We live in a world where most things have been thought of, and most ideas are already out there in the form or shape of a business, but that doesn't mean there isn't a place for your startup business. Researching your competitors is just as important as researching your audience; you don't want them to take your business, so how can you be different? Don't be afraid to get in touch with your competitors to find out more, see what they have to offer, and identify a niche in the market that you can hit. Using our example above, there are likely many vegetarian and vegan retailers, but do they all offer free worldwide delivery? Try to consider every possibility and put yourself in your customers' shoes – what would you want from a similar business, and how can you offer it?
There are literally billions of people using the Internet each and every day, so not having an online presence would be entirely detrimental to your startup business. Now, you're probably thinking, how can I afford to hire a website designer when my business is only just getting started? The Internet is a wonderful thing, and has grown into a place where almost everything is possible.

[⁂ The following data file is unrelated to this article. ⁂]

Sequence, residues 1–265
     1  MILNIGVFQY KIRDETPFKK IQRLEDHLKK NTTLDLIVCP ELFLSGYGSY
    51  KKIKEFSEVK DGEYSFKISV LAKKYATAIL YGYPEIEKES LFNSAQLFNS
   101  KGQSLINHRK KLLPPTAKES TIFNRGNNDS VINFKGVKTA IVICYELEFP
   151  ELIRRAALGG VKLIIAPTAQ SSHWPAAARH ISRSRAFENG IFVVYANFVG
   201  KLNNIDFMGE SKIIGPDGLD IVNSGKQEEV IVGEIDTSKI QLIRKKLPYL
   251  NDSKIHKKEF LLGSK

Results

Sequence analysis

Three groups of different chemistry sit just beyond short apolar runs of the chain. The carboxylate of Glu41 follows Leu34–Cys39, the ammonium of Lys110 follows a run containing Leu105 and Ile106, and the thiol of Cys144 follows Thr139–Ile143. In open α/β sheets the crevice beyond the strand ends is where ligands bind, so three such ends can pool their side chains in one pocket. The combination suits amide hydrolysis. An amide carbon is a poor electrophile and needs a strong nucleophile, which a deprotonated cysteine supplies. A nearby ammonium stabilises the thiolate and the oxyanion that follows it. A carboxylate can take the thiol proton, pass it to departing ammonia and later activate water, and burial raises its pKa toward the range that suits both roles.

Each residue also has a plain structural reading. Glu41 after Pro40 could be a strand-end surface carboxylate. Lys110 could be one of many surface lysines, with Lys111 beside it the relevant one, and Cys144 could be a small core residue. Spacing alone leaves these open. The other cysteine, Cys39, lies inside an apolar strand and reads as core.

You no longer need to have coding skills to build a website, or be a technical genius to get your website online, but having a website (especially if you're selling products and services) is a must! Using a popular content management system (CMS) like WordPress, or many other website builders, you can simply drag and drop elements and features to create a professional looking website. Most CMS platforms provide free and premium themes and templates to choose from, so you don't have to start entirely from scratch.
Once you've setup your business online, there are a few key features you should integrate with your website, or sign up to in order to expand your online presence, encouraging more traffic and leads to your website:
- Google My Business: Sign up for free to Google My Business to allow Internet users to find your business' contact details. As well as enabling your customers to contact you, you'll also be improving your local SEO, so if your business focuses on a specific geographical location, you'll show higher up in search engine results when people search for keywords related to your business.